At Orgcon 17

I am just back from orgcon17, and here are my notes; this was a two day conference, with many sessions on issues of concern to digital liberty campaigners on regulation of the use personal data. It took place over two days, consisting of lectures & panels and workshops. On the first day, at Friends House, where we had the use of the amazing central meeting room it looked at the coming legislation on investigatory powers, the use of the law to make political advances (it’s slow & uncertain), an interview with Caroline Criada Perez, the campaigner who got the first woman on British bank notes and a women’s statue in Parliament Sq.. It looked at e-voting systems in Taiwan where the government used a consensus building software product to engage the population in traffic management solutions design. Jamie Bartlett spoke about privacy vs. security. There was a session on Digital Liberty & regulation in Nigeria. There was also a session on the privacy vulnerability to the coming “age verification for porn users” regulations. Much of these lectures are available on the ORG’s Video channel.

The second day consisted mainly of workshops focused on campaigning. There was a workshop that reviewed the technical architecture of the investigatory powers bill (as they then were i.e. the architecture and legislative stage). There was a workshop in using the Freedom of Information Laws to enhance campaigning, and also about the likely campaigning tools to be offered by the coming General Data Protection Regulation (GDPR) i.e. enhanced subject access requests, the right to be forgotten, of remediation and to object and stop processing.

There were sessions on building local Open Rights Group groups, how to perform IT security effectively for campaigners and a review of the ORG’s Blocked tool.

I chaired a session on building a Charter of Digital Rights, with Richard Barbrook and Mara Leverkuhn. Richard announced his initiative to put some more detail behind the Jeremy Corbyn’s Digital Manifesto which they created to support his 2016 Leadership Campaign. I documented/advertised this session on my blog https://davelevy.info/digital-liberties/

ooOOOoo

The relevance of this conference to CISSP certification is in the Regulation & Compliance domain. One of the critical to IT organisations is failing to keep up with laws and regulations. The ORG focuses on the law as it relates to privacy, censorship & intellectual property. Businesses need to keep these laws in mind when designing their risk taxonomy and control catalogue.

This was written in Oct 2018, nearly 12 months after the event; I did it to claim CISSP CPD Credits. I have as normal, for me, in these circumstances backdated the article to the time of occurrence. …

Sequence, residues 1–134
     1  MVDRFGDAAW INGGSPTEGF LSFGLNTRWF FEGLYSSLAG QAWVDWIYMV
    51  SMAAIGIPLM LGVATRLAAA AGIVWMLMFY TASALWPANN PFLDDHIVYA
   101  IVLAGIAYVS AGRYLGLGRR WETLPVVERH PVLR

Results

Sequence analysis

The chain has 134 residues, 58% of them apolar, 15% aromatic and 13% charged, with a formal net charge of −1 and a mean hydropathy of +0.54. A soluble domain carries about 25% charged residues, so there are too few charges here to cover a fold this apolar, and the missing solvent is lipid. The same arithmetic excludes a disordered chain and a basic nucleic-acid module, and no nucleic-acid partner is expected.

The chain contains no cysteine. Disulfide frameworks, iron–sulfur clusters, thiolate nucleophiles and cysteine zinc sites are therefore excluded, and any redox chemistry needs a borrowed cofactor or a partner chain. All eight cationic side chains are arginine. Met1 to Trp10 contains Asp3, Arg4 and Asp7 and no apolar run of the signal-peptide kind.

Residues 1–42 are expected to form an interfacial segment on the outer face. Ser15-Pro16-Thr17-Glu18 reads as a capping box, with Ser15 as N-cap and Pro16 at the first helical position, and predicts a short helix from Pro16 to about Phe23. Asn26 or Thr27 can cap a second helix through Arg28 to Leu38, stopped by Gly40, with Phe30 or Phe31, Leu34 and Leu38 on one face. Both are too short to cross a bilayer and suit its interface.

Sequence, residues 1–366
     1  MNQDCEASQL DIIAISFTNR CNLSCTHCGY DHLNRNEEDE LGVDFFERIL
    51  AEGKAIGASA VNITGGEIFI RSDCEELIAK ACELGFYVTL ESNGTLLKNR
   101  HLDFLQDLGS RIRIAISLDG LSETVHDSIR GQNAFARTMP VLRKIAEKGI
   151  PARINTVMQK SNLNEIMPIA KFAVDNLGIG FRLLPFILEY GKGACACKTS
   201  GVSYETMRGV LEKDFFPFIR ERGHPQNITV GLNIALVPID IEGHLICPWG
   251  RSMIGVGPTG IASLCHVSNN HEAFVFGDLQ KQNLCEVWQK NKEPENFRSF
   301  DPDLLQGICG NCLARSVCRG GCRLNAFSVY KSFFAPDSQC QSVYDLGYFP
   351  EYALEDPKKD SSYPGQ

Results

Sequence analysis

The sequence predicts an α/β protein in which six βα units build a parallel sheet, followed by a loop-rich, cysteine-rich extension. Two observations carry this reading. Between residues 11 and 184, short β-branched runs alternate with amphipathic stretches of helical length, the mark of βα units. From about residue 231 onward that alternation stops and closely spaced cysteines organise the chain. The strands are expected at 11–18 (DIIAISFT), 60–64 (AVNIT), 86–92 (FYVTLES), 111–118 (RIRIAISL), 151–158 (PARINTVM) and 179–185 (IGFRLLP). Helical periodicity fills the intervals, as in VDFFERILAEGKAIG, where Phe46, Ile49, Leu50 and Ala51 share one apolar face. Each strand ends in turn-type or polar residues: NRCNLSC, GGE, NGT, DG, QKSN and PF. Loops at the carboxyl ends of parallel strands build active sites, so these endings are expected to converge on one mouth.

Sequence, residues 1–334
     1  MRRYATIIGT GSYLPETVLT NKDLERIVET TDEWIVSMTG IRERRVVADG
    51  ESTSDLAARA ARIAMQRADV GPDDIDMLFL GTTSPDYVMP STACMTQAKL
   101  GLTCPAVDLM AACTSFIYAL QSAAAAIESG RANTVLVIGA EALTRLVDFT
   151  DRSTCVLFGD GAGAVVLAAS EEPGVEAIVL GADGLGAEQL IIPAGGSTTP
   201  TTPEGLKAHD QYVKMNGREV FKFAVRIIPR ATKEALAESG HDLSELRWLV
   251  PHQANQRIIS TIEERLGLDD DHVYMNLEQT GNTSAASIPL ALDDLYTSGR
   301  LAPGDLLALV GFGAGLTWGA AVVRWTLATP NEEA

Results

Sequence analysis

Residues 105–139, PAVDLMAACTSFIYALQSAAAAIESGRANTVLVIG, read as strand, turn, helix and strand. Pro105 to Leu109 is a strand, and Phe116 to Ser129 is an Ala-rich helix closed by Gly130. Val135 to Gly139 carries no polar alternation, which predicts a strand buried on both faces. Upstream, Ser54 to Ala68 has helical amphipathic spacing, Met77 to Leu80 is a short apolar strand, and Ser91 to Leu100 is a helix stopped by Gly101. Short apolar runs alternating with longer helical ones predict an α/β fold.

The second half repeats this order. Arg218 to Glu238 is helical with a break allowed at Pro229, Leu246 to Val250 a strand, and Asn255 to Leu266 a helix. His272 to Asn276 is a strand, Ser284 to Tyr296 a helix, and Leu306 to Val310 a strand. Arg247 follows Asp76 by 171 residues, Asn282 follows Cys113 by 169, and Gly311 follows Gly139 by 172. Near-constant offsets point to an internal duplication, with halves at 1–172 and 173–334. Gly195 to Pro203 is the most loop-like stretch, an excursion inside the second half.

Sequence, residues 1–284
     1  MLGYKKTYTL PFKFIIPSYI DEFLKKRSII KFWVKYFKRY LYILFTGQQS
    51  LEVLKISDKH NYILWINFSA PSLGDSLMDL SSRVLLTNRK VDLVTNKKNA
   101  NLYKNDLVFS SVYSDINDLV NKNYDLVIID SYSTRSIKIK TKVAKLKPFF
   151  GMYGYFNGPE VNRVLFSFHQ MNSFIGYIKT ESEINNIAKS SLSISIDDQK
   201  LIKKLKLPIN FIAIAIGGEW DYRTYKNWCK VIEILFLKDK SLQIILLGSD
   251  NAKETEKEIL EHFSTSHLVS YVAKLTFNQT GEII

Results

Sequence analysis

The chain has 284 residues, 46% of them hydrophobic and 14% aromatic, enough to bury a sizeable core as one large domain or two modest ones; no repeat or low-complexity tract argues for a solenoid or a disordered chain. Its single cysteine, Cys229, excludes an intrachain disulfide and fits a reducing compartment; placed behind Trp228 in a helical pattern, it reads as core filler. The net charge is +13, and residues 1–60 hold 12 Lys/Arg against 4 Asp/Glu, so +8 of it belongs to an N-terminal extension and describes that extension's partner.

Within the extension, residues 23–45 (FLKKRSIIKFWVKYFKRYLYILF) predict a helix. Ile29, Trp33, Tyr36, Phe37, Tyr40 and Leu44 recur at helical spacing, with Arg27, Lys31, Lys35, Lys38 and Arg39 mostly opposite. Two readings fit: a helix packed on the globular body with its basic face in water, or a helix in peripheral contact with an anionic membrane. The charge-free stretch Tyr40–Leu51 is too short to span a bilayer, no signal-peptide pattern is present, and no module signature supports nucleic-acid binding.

The Data Flow implications of Brexit

The Data Flow implications of Brexit

Project Fear or Project Reality about Brexit continues and while risks to banking, air travel, radio-therapy and the pan-European integrated manufacturing supply chains are all making the headlines, there is also a serious problem with maintaining data flows particularly of personal data, which underpins both secondary & tertiary sector industries.  This article looks at the threat to trade involving data flows posed by Brexit and looks at the likely shape of US/EU data flow and privacy regulation. …

Manifesto bingo, digital liberty and the internet

Manifesto bingo, digital liberty and the internet

I have had a look  at the manifestos and see what they have to say on the internet and Digital Liberty. I have been very influenced by the EDRi voting exchange and summarise the issues of Digital Liberty as e-citizenship, equality before the law, privacy and copyright reform, to which for this election we must add internet governance and industrial & innovation policy. I have created a table summarising the positions of the Tories, Labour, LibDems and Greens. Possibly I should have analysed the SNP manifesto since much of this is Westmister reserved powers. I was hoping to write something easy and quick to read. I don’t think I have succeeded. My super summary is in the figure immediately below, and here is the table I built to help me write this article. (I lost the excel file, so this will have to do!)  My main source was the ORG pages but I have been reading the Labour Manifesto also. I feel that the opposition parties have suffered from the surprise; they probably expected more time to develop their promises. All three opposition parties 2015 manifestos covered these issues in more depth.  …

Fines, Enforcement and good faith

Fines, Enforcement and good faith

We then considered enforcement trends. The total number of fines is going up; the maximum under the DPA is £½ m, the maximum under the GDPR will be €20m or 4% of global turnover. Today the ICO can fine under two laws, the Data Protection Act and the Privacy and Electronic Communication Regulation (PECR),  which regulate Data Controllers and Processors and direct mailing houses respectively. The ICO have taken more interest in the DPA since they gained fining powers. This note looks at the record in court, the change in enforcement powers, and notes that the preponderance of fines have been levied due toinadequate technical protection. …